To be honest, even as I begin writing this review it is still difficult for me to determine exactly where I stand with regard to Outbreak Company. On one hand it is a clever series with some shining episodes, complemented by “inside jokes” and other references for the anime-loving community to discover and enjoy. But on the other hand, there were long periods of time where little of interest/importance occurred, and several occasions where I was left feeling that the otaku culture concept was taken a few steps too far. While perspectives are likely to differ depending on how you approach the series, it is hard to deny it made for an entertaining watch at the very least.
Although his backstory is not delved into too much, Outbreak Company follows a male protagonist by the name of Shinichi Kanou. Aside from being a shut-in, having parents with successful careers in eroge and light novels left him with an almost compendium-like knowledge of the otaku culture. Looking for work, he comes across a brutal questionnaire which tests him on his knowledge about the culture – and manages to answer every question correctly in a brief period of time. The resulting events see him attend a job interview, subsequently drugged and then waking up in a bed attended to by a half-elf maid in the fantasy-inspired Holy Eldant Kingdom.
This land of magic, swords and fantasy is noticably different from the Japan of today, which is why Kanou was dragged into this hidden parallel world. Now working for the Japanese Government, his job is to introduce otaku culture into a kingdom which still highly regards the class system, bigotry against certain races and favours a never-ending work ethic that has seen all bar the highest ranked citizens learning how to read their native language. From here, Kanou must form a rapport with the young Empress Petralka Anne Eldant III, and begin his plans to integrate the Japanese language and otaku culture into this new land. A supposedly daunting task that takes only a few episodes to begin achieving noticable results.
One of the elements I particularly enjoyed when watching Outbreak Company was Shinichi Kanou as a character, who was a driving force behind many events in the series. Although they did push the overly-enthusiastic otaku cliche on him a few too many times, he tended to be portrayed as a character with strong morals and ethics, frequently fighting against what he considered to be the prejudices faced by people in the Holy Eldant Kingdom. For example, despite being enthusiastic about his half-elf maid Myucel Foaran, he treats her as he would any other person and defends her against those who discriminate her due to class or lineage. On the other hand, he is one to see Petralka Anne Eldant III as a person rather than an empress who needs automatic praise. Watching him succeed and fail at breaking these stereotypes and navigating his way through the different challenges posed to him across the 12-episodes were one of the main reasons I opted to keep watching Outbreak Company.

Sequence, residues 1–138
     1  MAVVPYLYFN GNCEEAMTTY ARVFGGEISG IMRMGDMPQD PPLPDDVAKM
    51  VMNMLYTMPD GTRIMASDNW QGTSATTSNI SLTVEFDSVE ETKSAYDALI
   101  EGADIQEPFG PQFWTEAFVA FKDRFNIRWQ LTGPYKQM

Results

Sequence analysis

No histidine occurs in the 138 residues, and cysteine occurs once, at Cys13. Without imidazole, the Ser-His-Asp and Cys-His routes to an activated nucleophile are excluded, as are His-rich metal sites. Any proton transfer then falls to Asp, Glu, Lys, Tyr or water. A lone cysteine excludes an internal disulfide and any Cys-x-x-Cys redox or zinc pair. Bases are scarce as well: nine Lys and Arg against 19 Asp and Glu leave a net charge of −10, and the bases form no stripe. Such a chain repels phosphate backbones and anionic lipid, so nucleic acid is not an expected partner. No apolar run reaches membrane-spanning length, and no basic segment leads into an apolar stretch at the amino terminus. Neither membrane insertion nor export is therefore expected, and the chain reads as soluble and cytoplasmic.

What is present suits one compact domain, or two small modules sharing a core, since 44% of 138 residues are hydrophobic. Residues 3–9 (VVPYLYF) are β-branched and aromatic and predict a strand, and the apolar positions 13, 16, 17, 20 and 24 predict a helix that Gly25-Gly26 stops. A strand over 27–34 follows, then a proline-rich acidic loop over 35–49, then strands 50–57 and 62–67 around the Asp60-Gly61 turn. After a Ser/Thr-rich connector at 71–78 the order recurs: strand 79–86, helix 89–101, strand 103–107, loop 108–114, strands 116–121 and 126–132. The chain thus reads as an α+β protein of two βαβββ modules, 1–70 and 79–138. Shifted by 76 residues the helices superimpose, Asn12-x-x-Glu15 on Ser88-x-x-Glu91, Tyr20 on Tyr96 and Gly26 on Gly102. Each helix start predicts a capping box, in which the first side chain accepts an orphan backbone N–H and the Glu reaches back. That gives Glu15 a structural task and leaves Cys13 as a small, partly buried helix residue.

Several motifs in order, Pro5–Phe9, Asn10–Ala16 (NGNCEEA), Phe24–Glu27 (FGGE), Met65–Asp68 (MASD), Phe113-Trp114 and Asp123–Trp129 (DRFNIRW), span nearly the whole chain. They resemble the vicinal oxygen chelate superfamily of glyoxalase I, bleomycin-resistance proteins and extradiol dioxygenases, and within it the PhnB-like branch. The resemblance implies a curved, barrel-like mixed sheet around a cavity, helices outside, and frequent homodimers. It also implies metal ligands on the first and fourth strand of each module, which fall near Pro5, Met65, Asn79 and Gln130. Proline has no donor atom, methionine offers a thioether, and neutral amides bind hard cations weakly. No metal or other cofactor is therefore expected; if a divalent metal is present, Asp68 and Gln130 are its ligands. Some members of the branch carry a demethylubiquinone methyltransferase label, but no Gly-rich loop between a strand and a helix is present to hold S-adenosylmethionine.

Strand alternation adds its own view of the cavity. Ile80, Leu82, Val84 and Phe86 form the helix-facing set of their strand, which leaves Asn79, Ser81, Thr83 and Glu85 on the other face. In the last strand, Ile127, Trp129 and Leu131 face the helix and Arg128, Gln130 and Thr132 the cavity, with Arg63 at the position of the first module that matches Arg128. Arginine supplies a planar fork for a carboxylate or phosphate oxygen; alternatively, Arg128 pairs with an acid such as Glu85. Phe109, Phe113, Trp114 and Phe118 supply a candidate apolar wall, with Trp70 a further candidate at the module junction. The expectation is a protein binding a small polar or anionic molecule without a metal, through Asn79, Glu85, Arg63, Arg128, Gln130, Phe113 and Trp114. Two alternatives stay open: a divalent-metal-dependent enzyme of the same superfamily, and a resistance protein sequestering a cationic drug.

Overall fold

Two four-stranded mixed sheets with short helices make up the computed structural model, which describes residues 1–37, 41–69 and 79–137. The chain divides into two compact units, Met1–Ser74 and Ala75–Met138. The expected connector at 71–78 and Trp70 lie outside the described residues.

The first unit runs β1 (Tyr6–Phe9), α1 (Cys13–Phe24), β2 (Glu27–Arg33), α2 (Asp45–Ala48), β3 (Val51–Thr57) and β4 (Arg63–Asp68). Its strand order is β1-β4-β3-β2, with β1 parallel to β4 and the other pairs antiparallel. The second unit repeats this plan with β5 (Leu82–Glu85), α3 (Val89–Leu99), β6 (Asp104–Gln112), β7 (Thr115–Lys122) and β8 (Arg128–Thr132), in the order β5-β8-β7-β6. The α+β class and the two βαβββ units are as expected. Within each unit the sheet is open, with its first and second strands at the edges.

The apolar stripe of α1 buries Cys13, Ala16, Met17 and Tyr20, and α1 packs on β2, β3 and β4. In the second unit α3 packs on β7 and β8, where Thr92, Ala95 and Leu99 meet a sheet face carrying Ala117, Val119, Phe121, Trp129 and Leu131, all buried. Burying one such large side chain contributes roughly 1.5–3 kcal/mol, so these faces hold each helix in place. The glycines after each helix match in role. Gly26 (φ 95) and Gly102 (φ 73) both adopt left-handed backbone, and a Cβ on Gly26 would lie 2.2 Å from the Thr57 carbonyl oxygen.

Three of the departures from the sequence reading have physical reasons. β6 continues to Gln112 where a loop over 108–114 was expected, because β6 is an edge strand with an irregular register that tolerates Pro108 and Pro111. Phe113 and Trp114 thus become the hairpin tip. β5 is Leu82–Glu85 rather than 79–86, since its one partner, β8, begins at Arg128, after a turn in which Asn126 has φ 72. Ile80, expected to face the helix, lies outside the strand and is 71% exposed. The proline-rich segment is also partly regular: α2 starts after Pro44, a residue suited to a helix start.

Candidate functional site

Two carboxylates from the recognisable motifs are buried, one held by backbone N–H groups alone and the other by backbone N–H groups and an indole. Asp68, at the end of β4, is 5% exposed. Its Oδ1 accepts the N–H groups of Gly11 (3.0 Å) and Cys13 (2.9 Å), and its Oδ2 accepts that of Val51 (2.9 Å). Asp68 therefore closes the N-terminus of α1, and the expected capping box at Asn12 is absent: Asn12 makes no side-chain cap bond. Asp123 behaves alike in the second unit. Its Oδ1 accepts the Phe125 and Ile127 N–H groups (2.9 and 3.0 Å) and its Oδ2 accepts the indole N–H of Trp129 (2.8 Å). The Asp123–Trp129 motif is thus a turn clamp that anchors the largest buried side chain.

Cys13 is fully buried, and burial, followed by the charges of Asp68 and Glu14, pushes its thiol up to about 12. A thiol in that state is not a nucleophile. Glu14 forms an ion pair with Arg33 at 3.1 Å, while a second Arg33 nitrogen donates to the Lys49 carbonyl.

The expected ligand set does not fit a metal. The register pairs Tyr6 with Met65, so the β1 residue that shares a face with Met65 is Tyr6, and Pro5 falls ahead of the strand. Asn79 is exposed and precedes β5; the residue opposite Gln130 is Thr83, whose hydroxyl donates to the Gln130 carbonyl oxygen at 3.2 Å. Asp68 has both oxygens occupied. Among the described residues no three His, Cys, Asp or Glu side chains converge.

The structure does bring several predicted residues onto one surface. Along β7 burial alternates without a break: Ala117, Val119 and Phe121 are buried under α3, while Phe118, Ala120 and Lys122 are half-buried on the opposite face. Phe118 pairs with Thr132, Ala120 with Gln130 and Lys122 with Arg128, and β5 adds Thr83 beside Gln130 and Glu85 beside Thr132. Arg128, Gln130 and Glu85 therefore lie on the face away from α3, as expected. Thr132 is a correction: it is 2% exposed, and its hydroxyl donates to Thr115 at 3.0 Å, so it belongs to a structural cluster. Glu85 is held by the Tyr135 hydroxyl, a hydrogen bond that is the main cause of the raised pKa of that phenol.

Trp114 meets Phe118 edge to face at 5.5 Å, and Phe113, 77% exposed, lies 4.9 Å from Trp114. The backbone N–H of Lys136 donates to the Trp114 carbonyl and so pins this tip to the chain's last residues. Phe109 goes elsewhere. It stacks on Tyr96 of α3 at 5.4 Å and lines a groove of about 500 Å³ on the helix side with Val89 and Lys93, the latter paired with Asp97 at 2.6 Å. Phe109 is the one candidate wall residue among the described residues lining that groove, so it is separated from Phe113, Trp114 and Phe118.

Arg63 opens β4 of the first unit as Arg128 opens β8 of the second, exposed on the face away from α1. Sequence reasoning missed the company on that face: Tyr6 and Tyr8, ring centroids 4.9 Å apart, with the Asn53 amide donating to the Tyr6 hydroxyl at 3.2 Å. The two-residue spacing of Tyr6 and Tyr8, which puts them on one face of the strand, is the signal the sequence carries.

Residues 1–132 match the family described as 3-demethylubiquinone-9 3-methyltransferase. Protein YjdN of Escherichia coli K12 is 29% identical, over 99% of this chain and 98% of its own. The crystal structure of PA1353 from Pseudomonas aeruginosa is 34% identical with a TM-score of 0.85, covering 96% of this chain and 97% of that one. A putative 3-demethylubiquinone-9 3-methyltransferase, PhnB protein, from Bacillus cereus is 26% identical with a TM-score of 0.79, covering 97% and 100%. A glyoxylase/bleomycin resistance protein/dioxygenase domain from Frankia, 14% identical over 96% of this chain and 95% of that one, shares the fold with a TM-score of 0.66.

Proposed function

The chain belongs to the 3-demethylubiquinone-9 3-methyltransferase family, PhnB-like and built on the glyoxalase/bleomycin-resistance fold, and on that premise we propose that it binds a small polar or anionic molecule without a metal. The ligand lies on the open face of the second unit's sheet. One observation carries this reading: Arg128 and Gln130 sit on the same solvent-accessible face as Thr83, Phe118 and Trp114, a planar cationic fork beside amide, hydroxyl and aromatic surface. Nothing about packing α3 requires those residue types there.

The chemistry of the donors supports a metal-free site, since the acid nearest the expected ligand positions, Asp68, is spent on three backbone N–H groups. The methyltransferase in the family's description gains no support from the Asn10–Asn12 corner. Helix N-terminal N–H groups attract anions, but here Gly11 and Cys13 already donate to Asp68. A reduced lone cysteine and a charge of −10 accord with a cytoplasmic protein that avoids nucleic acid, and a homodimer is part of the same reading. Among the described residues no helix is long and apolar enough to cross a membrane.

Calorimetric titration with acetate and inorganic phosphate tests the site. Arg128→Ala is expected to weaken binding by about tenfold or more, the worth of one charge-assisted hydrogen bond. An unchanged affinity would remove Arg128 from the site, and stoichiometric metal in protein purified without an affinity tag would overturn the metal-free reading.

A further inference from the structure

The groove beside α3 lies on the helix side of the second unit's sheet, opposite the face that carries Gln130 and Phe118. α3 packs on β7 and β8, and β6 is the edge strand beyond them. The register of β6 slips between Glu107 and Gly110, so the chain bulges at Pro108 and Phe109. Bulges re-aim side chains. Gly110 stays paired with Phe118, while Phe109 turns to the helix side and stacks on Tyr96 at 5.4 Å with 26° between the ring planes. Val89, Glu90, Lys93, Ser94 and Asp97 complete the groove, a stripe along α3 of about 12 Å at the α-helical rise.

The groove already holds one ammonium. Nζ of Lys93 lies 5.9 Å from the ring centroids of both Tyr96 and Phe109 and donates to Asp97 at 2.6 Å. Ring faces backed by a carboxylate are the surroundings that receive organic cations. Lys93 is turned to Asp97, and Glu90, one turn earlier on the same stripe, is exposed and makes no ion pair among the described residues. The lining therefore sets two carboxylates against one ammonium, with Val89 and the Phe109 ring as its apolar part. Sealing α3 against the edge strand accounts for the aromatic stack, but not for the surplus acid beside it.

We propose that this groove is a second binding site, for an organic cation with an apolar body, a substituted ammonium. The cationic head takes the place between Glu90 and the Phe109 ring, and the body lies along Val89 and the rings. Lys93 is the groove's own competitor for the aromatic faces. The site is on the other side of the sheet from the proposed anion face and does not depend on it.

Another positive element of Outbreak Company was that it tended to be a humorous and occasionally informative series to watch through references to other series. There were even a couple of occasions where the characters poke fun at previous series that cast and crew of the show had worked on. Unfortunately this is where one major stumbling block potentially arises, given several of the referenced series have never been localised into English. While Sentai Filmworks have done a solid job of keeping the experience authentic and not rewriting references out wherever possible, I envision that some of the references may be pointless to the more casual anime viewer. Those who are familiar with a vast array of series should have plenty to enjoy however – from the vague to more prominent references.